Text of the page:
"In one of the new studies, published in the October 2012 Brain, Behavior, and Immunity, 55- to 85-year-old adults were randomized to either receive MBSR or be put on a waiting list for the program. The loneliness of the participants who received MBSR decreased after training, whereas the loneliness of the wait-listed control subjects increased slightly. MBSR also reduced inflammation—the cause of loneliness-related health risks such as heart attack or stroke—as measured by levels of stress proteins and proinflammatory gene expression.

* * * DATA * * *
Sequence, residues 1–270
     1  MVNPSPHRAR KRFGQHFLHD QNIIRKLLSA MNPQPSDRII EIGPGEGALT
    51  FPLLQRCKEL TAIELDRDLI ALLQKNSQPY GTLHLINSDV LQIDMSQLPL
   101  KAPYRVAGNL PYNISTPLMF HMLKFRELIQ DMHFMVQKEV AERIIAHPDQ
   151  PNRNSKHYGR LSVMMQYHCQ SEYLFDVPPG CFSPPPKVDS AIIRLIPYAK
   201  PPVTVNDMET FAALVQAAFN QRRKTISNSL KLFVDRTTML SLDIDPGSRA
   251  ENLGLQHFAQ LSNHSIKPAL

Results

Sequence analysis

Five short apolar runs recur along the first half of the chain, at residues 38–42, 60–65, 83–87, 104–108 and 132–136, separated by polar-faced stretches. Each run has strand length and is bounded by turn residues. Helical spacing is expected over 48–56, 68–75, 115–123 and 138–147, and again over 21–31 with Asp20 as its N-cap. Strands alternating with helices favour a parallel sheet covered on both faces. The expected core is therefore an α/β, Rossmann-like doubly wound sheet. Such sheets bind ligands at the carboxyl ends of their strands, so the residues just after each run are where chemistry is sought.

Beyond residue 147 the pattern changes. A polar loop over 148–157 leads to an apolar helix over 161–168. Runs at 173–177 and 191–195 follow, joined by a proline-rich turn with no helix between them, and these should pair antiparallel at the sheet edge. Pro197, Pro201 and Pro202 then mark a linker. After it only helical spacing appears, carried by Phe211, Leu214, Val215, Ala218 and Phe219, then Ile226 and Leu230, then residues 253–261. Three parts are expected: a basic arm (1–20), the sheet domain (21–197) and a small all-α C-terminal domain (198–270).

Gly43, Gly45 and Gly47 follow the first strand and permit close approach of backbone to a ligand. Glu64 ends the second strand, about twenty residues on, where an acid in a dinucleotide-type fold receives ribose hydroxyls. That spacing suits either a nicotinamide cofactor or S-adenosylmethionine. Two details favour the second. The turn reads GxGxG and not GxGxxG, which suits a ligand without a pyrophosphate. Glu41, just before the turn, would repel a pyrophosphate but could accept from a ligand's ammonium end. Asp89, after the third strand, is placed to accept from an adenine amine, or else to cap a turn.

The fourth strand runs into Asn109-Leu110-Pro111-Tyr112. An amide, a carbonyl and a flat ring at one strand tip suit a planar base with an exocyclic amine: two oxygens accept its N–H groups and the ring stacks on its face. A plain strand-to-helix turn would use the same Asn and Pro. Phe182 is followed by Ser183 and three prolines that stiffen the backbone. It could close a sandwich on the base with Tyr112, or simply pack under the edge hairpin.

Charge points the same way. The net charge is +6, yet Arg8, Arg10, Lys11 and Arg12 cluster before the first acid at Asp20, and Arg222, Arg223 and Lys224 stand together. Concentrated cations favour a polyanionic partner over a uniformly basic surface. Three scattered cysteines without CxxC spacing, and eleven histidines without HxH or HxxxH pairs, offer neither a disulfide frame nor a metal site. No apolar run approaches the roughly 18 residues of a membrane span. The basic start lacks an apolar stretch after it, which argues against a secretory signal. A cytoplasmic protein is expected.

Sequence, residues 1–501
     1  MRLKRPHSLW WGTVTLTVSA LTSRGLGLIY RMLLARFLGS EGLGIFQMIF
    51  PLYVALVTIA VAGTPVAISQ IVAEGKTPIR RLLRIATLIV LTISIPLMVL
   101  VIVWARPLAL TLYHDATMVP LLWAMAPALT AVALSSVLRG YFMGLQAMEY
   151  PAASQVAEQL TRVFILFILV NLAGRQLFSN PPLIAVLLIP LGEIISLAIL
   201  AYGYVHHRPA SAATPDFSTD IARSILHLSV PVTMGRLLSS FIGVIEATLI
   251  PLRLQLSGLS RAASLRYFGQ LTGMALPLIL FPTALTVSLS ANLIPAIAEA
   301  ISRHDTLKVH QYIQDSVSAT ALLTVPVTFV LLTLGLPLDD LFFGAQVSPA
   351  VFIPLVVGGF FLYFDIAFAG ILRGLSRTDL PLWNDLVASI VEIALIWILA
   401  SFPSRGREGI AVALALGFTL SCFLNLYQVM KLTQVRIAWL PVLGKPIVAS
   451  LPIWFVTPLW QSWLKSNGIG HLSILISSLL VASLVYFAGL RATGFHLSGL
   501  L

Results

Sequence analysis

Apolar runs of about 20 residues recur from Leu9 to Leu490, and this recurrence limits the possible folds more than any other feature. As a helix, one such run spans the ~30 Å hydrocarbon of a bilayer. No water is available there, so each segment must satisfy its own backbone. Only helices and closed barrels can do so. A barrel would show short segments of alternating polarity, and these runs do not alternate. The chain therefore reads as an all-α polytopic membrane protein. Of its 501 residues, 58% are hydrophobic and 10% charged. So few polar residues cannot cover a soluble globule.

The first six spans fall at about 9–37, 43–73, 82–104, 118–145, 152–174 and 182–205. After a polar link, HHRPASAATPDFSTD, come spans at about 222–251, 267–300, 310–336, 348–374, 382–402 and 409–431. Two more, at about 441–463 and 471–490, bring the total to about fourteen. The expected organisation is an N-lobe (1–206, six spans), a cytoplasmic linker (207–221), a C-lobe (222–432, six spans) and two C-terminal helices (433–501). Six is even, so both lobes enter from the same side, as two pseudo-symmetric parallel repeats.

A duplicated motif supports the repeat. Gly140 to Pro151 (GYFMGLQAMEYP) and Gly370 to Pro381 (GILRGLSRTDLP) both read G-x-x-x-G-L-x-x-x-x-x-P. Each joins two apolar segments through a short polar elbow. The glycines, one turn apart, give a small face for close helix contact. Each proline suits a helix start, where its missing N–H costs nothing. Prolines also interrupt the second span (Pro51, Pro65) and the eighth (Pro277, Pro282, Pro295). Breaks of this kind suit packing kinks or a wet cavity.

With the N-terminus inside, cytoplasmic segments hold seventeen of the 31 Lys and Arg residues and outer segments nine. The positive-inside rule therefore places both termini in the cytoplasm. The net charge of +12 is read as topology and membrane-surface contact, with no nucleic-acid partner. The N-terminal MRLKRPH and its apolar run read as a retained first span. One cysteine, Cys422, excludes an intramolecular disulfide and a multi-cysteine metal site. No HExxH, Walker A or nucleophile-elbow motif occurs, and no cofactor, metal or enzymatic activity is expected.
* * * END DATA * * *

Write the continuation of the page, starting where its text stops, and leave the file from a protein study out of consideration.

The other study, published online in August 2012 in Social Cognitive and Affective Neuroscience, found that MBSR reduced negative emotions in people with social anxiety disorder."
Sunday, 20 January 2013
Scientific American: Focus on Yourself to Alleviate Social Pain
In the Mind & Brain section of the Scientific American website, and article on mindfulness was posted on January 3, 2013, by